— 17 The Old Burial Ground
When James IV (reigned 1488—1513) planned to build his Navy which would include the greatest ship of the age, The Michael — subsequently known as the Great Michael – he recruited craftsmen from all over Europe. He also built a new dockyard in the Novus Portus de Leith — the New Haven of Leith.
An able and enlightened monarch and, like his mother devoted to the church, James wanted to look after the spiritual needs of this new community of shipwrights and mariners. Accordingly, James founded the Chapel of Our Lady of Grace (the Blessed Virgin Mary) and St James, to give it its full and proper title.
Building started in 1505 and the Chapel was completed in 1508. In 1506, King James appointed Sir James Cowie to be Chaplain at the Chapel. James expected the need for a church to be long-term so no doubt it would have been finely decorated — the craftsmen working on the Great Michael would have seen to that. It is said that the beautiful carving in Edinburgh Castle’s Great Hall was undertaken by the French and Flemish wood carvers working on the great ship. Below are some suggestions of how it could have once looked.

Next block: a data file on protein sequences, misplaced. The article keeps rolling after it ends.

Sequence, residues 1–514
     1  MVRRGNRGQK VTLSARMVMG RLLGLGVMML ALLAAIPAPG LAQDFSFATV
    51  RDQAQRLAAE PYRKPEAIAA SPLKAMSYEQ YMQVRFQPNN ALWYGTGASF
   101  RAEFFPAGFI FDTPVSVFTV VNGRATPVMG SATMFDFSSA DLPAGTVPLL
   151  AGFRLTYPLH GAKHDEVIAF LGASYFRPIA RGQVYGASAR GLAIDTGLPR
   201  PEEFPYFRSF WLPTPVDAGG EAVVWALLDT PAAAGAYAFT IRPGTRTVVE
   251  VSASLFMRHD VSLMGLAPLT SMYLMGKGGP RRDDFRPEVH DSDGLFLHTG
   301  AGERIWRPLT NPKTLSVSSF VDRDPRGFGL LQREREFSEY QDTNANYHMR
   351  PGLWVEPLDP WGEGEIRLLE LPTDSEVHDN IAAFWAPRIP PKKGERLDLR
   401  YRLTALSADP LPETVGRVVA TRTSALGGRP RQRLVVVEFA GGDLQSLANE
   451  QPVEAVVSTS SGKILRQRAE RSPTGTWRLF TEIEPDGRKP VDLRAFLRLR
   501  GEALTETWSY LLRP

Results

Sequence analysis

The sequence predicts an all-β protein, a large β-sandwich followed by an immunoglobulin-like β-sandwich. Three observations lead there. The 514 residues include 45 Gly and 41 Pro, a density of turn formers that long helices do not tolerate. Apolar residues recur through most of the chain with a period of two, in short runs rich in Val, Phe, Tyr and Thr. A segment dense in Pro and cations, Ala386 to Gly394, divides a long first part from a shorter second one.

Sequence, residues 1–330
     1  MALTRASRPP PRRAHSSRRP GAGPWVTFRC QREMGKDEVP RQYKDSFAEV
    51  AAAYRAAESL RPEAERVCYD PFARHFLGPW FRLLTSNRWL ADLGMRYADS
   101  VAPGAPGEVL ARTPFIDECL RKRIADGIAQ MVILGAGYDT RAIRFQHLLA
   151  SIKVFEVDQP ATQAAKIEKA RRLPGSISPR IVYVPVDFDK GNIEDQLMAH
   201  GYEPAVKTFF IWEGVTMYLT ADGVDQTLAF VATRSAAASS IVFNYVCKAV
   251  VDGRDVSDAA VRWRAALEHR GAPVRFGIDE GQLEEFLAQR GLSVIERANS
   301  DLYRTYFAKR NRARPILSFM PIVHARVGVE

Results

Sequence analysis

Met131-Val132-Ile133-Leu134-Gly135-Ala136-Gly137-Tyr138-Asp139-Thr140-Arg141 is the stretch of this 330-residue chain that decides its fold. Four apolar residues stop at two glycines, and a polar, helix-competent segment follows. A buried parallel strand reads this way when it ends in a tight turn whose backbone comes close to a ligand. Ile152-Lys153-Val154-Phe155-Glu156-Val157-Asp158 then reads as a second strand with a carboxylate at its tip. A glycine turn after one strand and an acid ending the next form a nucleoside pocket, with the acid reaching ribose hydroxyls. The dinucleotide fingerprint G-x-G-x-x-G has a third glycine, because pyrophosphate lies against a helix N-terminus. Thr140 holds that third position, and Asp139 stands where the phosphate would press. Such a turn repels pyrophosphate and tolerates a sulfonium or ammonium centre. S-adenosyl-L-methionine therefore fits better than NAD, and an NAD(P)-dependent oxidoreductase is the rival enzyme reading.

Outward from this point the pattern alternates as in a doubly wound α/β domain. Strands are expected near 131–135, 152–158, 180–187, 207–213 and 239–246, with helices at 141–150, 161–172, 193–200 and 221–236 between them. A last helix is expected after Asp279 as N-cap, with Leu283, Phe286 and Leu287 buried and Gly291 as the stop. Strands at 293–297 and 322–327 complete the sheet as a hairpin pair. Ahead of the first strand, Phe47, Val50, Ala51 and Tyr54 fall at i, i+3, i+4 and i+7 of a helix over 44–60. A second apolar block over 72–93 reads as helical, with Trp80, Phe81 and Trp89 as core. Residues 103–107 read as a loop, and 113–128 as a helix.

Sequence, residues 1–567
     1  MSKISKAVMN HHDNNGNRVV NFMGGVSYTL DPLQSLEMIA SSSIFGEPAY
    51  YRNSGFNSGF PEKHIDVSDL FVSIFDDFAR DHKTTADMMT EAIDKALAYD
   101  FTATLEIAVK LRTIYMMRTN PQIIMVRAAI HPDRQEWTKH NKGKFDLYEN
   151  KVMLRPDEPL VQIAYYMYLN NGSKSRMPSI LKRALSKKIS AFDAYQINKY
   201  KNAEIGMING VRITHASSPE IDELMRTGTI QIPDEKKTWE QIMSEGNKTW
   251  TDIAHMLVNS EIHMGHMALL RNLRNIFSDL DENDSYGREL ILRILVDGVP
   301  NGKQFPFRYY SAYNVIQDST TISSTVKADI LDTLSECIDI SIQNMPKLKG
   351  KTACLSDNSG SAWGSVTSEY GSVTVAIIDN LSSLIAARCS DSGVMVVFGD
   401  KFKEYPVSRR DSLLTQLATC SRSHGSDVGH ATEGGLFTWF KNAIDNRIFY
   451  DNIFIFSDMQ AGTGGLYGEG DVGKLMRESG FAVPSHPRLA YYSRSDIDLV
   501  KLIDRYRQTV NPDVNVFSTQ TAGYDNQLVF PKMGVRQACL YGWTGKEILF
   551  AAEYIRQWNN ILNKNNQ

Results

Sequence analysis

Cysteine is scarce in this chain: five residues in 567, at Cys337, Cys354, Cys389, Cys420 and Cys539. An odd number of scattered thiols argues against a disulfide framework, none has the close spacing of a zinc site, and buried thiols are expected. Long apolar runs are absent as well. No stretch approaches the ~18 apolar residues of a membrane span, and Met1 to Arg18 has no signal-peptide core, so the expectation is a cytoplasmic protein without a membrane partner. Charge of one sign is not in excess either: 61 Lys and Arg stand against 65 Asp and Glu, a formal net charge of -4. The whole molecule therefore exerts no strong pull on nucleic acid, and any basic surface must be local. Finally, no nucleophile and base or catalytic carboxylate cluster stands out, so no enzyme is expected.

Following the Reformation, the Chapel had sadly been abandoned as a place of worship by 1560, and by 1611 it was in ruins. Nevertheless, around 1654 it was used briefly by the congregation of North Leith Parish Church when they were not allowed to use their own church by the Commonwealth (English) occupying forces when the Citadel was being built.
The archaeologists’ survey of the Chapel site in 1972 revealed the foundations of a rectangular building, 19.2m (63ft approx.) E-W by 6.4m (21ft approx.) N-S, with 0.86m (almost 3ft) thick gable walls and 0.68m (over 2ft) thick side walls.